- It is practically impossible to take a former U.S. president to court because of war crimes committed during their term. I do not think that has ever happened before, though several U.S. presidents have certainly been responsible for all kinds of atrocities (cf. Reagan). In fact, when a human rights group in Switzerland tried to sue Bush for acts of torture in Guantanamo, he simply cancelled his trip. There is a possibility that one day a U.S. president will be brought to trial, but I think it is hard to imagine a future in which George W. Bush is facing a court for any crime committed while he was in office.
- The invasions of Iraq and Afghanistan were done in self-defence, while bin Laden’s attacks were unprovoked.
- The casualties of war were collateral damage, civilian casualties were never the aim and were in fact actively avoided.
- When the U.S. attacks countries, it does so to expand democracy. When bin Laden does it, he does it to create an Islamic caliphate. The second aim is in some way less legitimate than the first.
Against Objection 1 I can say what I said earlier: clearly the civilians that suffered from these wars were not the ones that provoked the attack, and therefore it is unjust that they should be punished for crimes they did not commit.
Objection 2 is a bit more difficult to deal with. However, we must realise that for the victims it does not matter whether the bombs that fell on their homes were meant to fall there or elsewhere. If on reading bin Laden’s diaries we were to realise that the planes were not meant to fall on the W.T.C. but on the U.N. headquarters, would the victims of the attacks be happy with it and immediately forgive him? I highly doubt it. Now let us imagine a government formed entirely by the victims of, say, the Iraq invasion, a country in which every citizen lost at least one friend or family member to a stray U.S. bomb during the war. Let us call this country Iraq 2. To the citizens of Iraq 2, clearly George W. Bush would be a murderer regardless of his intentions, and so they would be interested in trying him, but because of Claim 3, they would not be able to.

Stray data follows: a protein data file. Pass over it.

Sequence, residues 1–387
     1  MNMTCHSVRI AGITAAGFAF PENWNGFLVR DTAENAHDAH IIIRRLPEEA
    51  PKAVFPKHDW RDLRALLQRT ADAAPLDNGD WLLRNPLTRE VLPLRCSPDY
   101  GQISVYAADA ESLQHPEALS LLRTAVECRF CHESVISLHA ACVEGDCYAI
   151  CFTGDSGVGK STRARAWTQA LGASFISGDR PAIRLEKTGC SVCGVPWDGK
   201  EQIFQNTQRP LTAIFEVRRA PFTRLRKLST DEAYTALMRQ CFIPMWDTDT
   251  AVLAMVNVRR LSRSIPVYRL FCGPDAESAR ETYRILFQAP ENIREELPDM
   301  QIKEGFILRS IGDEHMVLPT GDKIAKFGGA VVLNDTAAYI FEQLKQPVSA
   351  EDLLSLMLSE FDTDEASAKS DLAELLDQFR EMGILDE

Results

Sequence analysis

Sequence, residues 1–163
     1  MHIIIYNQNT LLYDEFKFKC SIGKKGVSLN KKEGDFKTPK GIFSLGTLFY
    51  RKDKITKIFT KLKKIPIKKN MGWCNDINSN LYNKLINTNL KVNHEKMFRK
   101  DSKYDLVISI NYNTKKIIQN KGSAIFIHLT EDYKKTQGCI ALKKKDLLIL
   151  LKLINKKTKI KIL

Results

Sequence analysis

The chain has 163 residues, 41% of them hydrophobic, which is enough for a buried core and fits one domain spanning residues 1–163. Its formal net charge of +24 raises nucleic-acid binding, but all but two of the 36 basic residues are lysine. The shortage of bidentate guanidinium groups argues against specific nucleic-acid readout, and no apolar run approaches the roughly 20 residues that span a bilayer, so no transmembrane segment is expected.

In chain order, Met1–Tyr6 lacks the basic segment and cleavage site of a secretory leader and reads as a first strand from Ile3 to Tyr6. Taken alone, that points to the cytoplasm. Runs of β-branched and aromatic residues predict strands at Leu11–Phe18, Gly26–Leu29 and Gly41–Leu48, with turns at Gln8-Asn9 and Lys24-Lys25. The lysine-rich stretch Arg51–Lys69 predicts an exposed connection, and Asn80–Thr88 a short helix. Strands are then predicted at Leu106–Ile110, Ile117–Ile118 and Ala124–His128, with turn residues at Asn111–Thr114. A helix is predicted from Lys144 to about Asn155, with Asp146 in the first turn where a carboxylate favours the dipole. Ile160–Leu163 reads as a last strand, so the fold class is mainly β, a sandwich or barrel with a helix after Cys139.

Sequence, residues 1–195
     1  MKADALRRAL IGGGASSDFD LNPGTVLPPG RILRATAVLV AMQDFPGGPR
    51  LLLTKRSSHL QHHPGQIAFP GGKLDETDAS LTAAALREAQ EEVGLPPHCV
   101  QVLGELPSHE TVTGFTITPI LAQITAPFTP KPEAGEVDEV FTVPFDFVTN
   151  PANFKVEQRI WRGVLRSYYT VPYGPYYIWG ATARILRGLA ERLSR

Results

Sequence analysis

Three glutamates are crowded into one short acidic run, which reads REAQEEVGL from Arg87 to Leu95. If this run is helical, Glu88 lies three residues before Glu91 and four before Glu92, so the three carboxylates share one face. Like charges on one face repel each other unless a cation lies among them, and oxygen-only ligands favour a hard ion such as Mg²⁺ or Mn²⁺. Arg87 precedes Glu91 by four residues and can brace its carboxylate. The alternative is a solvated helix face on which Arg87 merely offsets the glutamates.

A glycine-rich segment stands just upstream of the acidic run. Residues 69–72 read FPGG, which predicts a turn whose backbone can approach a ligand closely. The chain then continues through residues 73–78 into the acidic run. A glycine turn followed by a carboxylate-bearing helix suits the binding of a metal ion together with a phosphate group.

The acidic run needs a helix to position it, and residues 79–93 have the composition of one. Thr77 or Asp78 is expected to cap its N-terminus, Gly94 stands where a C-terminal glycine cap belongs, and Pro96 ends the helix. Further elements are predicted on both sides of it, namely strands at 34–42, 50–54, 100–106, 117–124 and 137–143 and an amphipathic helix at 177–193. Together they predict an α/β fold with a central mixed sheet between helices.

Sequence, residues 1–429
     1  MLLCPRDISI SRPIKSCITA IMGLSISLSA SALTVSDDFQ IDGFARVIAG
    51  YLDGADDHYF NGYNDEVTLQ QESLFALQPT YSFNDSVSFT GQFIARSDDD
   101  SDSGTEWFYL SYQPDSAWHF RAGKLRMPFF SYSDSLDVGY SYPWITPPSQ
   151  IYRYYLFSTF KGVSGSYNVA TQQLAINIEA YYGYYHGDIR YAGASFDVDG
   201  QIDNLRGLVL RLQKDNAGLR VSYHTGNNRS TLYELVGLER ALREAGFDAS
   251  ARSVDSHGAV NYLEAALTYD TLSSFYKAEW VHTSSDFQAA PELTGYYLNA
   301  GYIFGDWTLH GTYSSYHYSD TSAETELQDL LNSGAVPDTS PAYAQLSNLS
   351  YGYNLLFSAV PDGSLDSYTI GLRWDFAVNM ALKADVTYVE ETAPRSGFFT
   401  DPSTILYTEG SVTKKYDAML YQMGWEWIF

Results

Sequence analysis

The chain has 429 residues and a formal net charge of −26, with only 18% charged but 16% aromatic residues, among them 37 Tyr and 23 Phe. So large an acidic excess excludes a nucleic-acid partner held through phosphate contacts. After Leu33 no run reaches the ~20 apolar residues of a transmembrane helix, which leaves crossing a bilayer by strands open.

This also deals with Objection 3, since the people of Iraq 2, as we have said, do not care about intentions; one may say they have become strict Utilitarians because of what they’ve suffered. Besides that, this objection is clearly a direct product of propaganda, completely blind to basically all of the history of the 20th century.
It follows from the above that, since George W. Bush is clearly a criminal to all of these people, and it would be impossible to bring him to trial, and any attempt by the special forces of Iraq 2 to break into his mansion in the middle of the night and take him to an international court will certainly be met with armed resistance, if not from the U.S. military at least from Bush’s bodyguards, then by our initial assumptions it would be ethical for the president of Iraq 2 to send a mission to “kill or capture” Bush.
However, since this would seem to be a bad thing, or at least since I don’t think it would be a good thing for anybody to kill Bush, much as I may dislike him (if you would consider it a good thing then you can stop reading, I won’t be able to convince you of anything), it appears that our conclusion is wrong. But if it is ethical to kill Osama and not Bush, we would be violating Assumption 1, on which the argument was based. Therefore it was also unethical to kill Osama.
I realise that bin Laden’s acts had a deep emotional effect on many people, and that it is almost impossible for the same people not to have emotional reactions to his death. I am not saying that if I were in the same situation, if I had for example lost a friend in one of his attacks, I would not be happy about his death. I am human too, and I do not think there is any human that has not, at some point in their lives, wished for the death of another human. But we must distinguish between emotion and reason, and, if my argument is correct, no matter how good it makes anyone feel, killing Osama bin Laden was wrong.
Edit: Here is a more thorough post by Chomsky.